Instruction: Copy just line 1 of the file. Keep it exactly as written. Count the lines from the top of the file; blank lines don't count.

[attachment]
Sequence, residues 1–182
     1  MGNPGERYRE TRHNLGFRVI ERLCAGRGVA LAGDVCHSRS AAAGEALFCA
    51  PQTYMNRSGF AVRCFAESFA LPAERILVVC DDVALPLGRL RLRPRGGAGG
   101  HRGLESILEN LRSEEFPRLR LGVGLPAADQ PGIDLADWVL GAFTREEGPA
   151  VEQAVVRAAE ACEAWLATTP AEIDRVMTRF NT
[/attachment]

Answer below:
Sequence, residues 1–182